The 21 Big Retirement Mistakes that Most People Make and 21 Easy Fixes for a Better Future!
All of us can do better when it comes to personal finance. Here are some relatively easy fixes for 21 common retirement mistakes that are probably hurting your lifestyle now and will have a negative impact well into your future. Most of these problems are shared by at least 50% of all Americans. You are not alone.
Big Retirement Mistake #1: You Don’t Know What You Spend Money On Every Month
According to a recent study by U.S. Bank, only 41% of Americans say they use a budget. This can be a big retirement mistake — especially as you enter retirement.
When you are working, it is perhaps reasonable that you get by month to month and just do some mental accounting to make sure that bills are paid and accounts are not overdrawn.
However, to have a secure retirement, you need to know how much money you want to spend every month for the rest of your life. You can do an infinitely better job with a retirement budget if you know exactly what you actually spend money on.
Furthermore, it is almost guaranteed that you’ll find some good opportunities for cutting costs. Little things can really add up. For example, some estimates suggest that an average household wastes $1,350 to $2,275 on food each year. You may also find that you are paying too much in hidden fees, errors on your credit card bills, unused subscriptions and more…
Easy Fix: Take one hour this week and write down everything you have spent money on in the last month. Categorize your spending. And then, do this for a few months in a row. Use this knowledge to make a better retirement plan — including a detailed budget projected into the future. Additional ideas can be found in the article, “9 tips for Predicting Your Retirement Expenses.”
Big Retirement Mistake #2: You Own Too Much House
According to this NPR report, the size of the average American house has more than doubled since the 1950s. What’s worse however are the huge sacrifices we make to afford to live in these homes.
According to a report by the MacArthur Foundation, between 2011 and 2014, more than half of all Americans made at least one major sacrifice in order to cover their rent or mortgage payments. And, when they say sacrifice, they don’t mean skimping on eating out or a weekend away. To afford housing, 52% of households took on a second job, did not save for retirement, avoided medical care and/or ran up credit card debt.
Easy Fix: Retirement is the ideal time to consider relocating and downsizing to a more affordable home. As your biggest expense and most valuable asset, downsizing can have a massively positive effect on your retirement finances.
Want to see for yourself? Model downsizing in the NewRetirement Retirement Planner. After setting up your account, you can run different scenarios and immediately see how big and little changes impact your cash flow, net worth, estate and more.
Big Retirement Mistake #3: You Don’t Have an Investment Policy Statement
When it comes to your retirement investments, you will likely do best with a defined strategy. An Investment Policy Statement (IPS) is a document that defines your investment goals, strategies for achieving the goals, a framework for making changes to your plan and options for what to do if things don’t go as expected.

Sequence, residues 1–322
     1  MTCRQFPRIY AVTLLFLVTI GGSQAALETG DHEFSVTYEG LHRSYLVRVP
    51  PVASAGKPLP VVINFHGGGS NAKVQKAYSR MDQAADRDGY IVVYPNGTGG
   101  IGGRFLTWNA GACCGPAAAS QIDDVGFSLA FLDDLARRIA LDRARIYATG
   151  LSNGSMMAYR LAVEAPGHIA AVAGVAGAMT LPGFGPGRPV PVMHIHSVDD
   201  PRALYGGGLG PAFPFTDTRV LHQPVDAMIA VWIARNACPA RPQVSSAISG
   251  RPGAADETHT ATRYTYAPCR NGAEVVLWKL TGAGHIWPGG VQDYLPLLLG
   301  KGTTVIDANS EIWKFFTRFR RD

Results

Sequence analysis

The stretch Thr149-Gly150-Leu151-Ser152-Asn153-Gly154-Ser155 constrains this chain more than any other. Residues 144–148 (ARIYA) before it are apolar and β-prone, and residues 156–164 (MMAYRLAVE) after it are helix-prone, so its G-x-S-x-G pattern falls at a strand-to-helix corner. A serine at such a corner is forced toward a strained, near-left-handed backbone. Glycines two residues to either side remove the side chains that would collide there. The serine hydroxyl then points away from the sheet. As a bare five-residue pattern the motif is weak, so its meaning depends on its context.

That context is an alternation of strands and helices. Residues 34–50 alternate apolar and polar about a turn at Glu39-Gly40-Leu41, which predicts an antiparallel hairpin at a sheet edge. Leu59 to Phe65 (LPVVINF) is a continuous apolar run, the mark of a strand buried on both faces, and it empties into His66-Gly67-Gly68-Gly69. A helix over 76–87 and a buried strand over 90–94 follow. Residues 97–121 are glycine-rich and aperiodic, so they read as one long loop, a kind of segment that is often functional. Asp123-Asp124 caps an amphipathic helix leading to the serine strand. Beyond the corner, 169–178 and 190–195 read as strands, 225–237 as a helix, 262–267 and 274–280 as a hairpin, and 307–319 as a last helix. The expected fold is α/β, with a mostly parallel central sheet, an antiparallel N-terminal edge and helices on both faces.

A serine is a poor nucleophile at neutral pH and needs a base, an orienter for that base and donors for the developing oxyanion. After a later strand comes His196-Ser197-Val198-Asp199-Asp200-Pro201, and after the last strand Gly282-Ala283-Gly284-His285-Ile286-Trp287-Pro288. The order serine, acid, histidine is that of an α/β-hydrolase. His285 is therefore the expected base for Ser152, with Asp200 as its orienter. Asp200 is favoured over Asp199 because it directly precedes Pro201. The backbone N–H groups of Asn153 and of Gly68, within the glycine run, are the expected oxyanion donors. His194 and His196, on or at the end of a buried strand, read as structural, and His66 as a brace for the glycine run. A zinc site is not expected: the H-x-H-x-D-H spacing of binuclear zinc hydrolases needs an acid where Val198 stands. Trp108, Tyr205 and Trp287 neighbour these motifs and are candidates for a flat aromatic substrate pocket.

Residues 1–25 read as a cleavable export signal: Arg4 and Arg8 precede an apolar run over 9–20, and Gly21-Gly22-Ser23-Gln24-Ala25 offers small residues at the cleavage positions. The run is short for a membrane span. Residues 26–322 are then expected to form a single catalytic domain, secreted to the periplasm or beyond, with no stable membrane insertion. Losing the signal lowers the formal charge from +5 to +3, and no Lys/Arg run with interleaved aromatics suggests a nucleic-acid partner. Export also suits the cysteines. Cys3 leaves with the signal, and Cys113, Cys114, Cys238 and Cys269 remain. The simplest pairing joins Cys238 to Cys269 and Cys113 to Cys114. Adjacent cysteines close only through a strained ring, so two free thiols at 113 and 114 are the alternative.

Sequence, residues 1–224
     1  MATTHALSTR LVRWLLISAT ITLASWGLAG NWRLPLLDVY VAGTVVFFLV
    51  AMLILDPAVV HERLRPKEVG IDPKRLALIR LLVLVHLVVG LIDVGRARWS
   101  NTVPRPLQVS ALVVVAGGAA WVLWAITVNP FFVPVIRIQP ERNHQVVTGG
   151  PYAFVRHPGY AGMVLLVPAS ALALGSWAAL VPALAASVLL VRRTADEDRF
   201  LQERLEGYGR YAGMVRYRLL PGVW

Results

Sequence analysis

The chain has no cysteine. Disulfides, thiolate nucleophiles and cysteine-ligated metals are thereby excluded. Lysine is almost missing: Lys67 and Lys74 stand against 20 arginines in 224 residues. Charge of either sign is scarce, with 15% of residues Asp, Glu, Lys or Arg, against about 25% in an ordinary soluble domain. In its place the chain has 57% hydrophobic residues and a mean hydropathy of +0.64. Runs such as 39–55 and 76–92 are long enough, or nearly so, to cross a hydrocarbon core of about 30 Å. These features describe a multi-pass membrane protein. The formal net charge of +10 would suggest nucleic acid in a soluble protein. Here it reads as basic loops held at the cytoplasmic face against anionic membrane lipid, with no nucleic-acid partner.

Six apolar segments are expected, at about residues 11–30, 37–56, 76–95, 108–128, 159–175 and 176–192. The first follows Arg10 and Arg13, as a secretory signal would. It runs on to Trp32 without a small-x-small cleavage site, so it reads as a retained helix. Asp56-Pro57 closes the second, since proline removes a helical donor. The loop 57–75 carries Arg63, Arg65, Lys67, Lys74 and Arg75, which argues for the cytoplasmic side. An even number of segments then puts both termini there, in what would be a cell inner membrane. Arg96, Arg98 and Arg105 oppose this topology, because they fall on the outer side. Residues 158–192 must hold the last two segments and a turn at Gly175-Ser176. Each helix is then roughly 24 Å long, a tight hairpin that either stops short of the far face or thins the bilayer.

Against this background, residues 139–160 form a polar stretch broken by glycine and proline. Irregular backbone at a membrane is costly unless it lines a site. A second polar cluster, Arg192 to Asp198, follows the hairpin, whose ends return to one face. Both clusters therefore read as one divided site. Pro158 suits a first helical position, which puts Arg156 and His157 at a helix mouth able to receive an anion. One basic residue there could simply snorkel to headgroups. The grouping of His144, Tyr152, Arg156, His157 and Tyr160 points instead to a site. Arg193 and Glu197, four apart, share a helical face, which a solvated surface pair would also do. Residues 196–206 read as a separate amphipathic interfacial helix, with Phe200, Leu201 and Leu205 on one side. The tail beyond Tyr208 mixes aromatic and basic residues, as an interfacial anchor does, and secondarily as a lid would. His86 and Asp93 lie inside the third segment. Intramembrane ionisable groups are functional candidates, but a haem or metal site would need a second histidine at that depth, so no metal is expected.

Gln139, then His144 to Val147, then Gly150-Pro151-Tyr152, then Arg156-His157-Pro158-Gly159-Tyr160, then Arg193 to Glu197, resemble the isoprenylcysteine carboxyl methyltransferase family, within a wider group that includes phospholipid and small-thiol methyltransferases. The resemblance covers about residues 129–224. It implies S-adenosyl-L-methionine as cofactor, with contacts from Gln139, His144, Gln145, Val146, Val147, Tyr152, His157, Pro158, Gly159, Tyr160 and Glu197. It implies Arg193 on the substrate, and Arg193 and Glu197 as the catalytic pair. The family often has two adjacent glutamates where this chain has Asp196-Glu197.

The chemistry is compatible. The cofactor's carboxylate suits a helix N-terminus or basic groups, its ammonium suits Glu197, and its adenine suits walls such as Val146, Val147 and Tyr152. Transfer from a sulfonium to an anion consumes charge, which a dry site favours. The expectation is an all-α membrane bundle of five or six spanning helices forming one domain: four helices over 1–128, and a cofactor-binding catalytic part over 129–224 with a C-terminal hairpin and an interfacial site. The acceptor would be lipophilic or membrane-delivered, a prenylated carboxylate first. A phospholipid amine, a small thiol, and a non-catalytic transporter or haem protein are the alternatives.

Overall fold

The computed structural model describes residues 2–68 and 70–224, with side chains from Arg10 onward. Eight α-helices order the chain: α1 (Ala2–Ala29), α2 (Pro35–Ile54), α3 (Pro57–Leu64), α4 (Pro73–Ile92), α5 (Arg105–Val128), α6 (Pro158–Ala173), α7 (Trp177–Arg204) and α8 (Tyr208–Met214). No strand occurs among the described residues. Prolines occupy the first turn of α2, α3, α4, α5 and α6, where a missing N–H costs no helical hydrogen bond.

A good IPS should insure better financial outcomes, especially if all involved parties understand the document. An IPS is especially useful during stock market crashes and when you experience a major life change or transition.
As Ben Carlson of the blog, A Wealth of Common Sense, told Steve Chen, founder of NewRetirement in a podcast, “…it’s really about understanding yourself, your own emotions and to a higher extent your lesser self, and understanding what doesn’t work for you. And so, if you can filter out all the bad stuff and the stuff that really doesn’t fit within your investment plan hopefully whatever’s left over is just what will work for you and that you can kind of stick with and avoid all the other pitfalls that a lot of investors fall into.”
Easy Fix: Learn more about why an IPS is the secret weapon your retirement plan needs. Or, contact a NewRetirement Certified Financial Advisor to discuss an IPS.
Big Retirement Mistake #4: You Don’t Know What You Don’t Know About Personal Finance
Everyone — rich or poor and young or old — knows less about personal finance than they need to know.
A recent survey suggests that financial literacy is lower than even most people might expect. Fidelity asked more than 2000 people — half who were between the ages of 55 and 65 and not retired — questions in eight different retirement categories. The average that people got right was a mere 30 percent. Absolutely nobody got all the questions correct and the highest overall grade was 79 percent. Can you do better than average?
Easy Fix: Most articles would tell you to hire a financial advisor. However, many people don’t trust advisors — largely because it is impossible to assess whether you are getting good advice or not if you don’t have a good base of financial knowledge.
Perhaps a better way to at least start learning about personal finance is to take stock of your own situation.
The NewRetirement Planner makes it easy to get started. Enter some initial information about your finances, see where you stand and then start making changes and see what is possible — every time you update your data, you’ll get detailed feedback about how your finances change. You will learn through experience with the models. This is proven to be an excellent method for improving your knowledge of personal finance.
Big Retirement Mistake #5: You Aren’t Saving Enough
According to a 2018 Stanford Center For Longevity report, 30% of baby boomers haven’t saved anything for retirement, and those who have something saved, haven’t saved enough. The median balance for those born between 1948 and 1953 is $290,000. For those born between 1954 and 1959, they had saved around $209,000. That is probably only about half of what the average household needs. (Though, not everyone is average.)
An earlier study from the Insured Retirement Institute (IRI) found that a full 68% of Boomers who lack confidence in their retirement plans wish that they would have saved more and 67% wish that they had started saving earlier.
Easy Fix: Maybe you haven’t saved enough, but you likely still have some really good options for a secure retirement.
- Do you own your home? If so, have you factored how your home equity can subsidize your retirement finances either now or at some point in the future?